The government must stop treating women “like children” and permanently allow at home early medical abortions, MPs and health professionals have said.
Abortion rules changed after Covid hit the UK in March 2020, with the government allowing abortion pills to be sent via post to be taken at home after a phone consultation.
The new system – referred to as “telemedicine” – was due to run out on 25 March but the government declared a six-month extension for home early medical abortions earlier in the month.
MPs are now set to vote on whether to make telemedicine abortion services permanent on Wednesday.
It comes after Baroness Sugg, a Conservative peer, proposed a new amendment to the government’s Health and Care Bill, to ensure that home early medical abortions do not stop in September and are rolled out permanently. Her amendment passed in the House of Lords earlier in the month.
Clare Murphy, chief executive of the British Pregnancy Advisory Service (BPAS), told The Independent: “We welcome the vote. MPs have the opportunity to prevent the recriminalization of women who use abortion medication at home and secure their ongoing access to safe, effective reproductive healthcare.
“We know this service – which is endorsed by the World Health Organization and was recently made permanent in Wales – assists women in the most challenging circumstances the most. We look forward to continuing to provide this care to all women who need it. ”
Having a medical abortion involves taking two tablets. Prior to the pandemic, getting the first tablet, mifepristone, required a visit to an abortion clinic.
Stella Creasy, a Labor MP who is an outspoken campaigner for abortion rights, is one of many MPs calling for telemedicine abortion services to be made permanent.
“The government is being put under pressure to restrict access to abortion for women despite the overwhelming medical and public support for this service,” the MP for Walthamstow told The Independent.
Despite the best attempts to scare, telemedicine has been shown to be safe, secure and preferable for many patients for a variety of reasons – it’s time to trust women and ensure they can make the right choices for themselves when it comes to their own medical care ”.
The British Pregnancy Advisory Service notes if abortion services reverted to how they were before telemedicine was introduced, the service would be likely to see a 43 per cent rise in abortions being carried out after 20 weeks of pregnancy. About half of all abortions are delivered via telemedicine.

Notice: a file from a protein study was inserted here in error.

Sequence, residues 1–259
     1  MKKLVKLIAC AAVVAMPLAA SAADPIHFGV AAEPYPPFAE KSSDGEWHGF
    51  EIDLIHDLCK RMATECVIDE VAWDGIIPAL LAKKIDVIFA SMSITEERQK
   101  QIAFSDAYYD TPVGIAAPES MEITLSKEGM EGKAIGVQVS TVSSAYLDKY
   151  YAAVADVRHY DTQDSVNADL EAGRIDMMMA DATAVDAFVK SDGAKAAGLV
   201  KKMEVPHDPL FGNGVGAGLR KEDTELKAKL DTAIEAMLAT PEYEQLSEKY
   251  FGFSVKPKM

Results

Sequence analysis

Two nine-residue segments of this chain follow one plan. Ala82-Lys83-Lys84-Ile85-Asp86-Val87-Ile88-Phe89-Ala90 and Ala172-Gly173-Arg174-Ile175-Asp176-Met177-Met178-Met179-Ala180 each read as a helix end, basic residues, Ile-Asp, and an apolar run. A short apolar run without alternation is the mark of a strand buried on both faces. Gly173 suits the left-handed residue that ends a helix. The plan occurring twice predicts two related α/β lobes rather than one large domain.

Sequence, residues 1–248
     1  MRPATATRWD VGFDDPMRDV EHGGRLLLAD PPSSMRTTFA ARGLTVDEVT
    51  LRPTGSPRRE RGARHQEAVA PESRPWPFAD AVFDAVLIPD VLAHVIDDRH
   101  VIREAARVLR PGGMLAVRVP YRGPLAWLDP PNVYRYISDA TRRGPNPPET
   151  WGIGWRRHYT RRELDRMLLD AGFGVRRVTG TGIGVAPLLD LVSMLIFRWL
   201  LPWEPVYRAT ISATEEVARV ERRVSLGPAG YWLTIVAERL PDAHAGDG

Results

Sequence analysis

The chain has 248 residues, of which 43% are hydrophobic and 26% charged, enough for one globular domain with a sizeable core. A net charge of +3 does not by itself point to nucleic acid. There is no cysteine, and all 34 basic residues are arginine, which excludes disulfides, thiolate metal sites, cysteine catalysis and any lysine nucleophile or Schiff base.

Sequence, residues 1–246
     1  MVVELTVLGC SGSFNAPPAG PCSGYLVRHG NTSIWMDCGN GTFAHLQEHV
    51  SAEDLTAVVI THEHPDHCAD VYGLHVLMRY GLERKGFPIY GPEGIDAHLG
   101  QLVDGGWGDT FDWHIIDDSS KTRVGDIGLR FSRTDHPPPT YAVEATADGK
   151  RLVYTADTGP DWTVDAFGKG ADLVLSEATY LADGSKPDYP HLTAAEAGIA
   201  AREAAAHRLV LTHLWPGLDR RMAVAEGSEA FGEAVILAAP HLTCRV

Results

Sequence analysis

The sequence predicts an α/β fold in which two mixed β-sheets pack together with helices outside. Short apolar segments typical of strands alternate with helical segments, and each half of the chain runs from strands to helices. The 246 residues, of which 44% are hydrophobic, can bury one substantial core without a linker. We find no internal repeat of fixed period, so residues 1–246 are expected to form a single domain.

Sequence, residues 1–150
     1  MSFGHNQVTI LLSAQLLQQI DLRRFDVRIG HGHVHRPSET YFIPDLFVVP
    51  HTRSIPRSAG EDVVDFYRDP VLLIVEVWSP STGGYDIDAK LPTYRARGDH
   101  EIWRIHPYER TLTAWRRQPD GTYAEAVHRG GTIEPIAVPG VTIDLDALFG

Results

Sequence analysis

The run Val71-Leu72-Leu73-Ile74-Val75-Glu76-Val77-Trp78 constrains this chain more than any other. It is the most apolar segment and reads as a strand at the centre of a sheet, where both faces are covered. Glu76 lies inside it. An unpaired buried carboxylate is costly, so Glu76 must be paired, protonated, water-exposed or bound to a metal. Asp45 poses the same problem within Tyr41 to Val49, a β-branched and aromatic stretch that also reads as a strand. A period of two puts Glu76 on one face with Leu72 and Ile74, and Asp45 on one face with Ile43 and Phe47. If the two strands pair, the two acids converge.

Jess Phillips, the shadow minister for domestic violence and safeguarding, said: “I’d say, all women’s health experts, clinical experts and those of us who work with vulnerable women have said that the telemedical abortions should be continued.
“Women should be trusted and be able to receive healthcare at home rather than traveling miles to be supervised like children while making choices about their bodies.”
Since the new abortion system was implemented after the pandemic hit, over 40,000 women across the UK have had safe early medical abortions after having a remote consultation via phone.
The UK’s largest study into abortions previously found at home early medical abortions pose no greater risk and allow women to have the procedure much earlier on in their pregnancy.
Louise McCudden, of MSI Reproductive Choices, another leading UK abortion provider, said: “Following the government’s announcement of their intention to ignore clinical guidance and remove the option of early medical abortion at home, our hopes now sit with our elected MPs.
“From the World Health Organization to the US Food and Drug Administration, to the government in Wales there is a consensus that abortion pills can be safely taken at home. However, despite the evidence being the same, in England, this option is denied. ”
Ms McCudden urged people to write to their MP or send them a tweet “reminding them” the UK is a pro-choice nation as she noted “the overwhelming majority of women want this service to stay”.
She added: “And we call on MPs to listen to the evidence, the guidance of medical bodies and to women, and vote in favor of the amendment, which would make telemedicine available permanently.”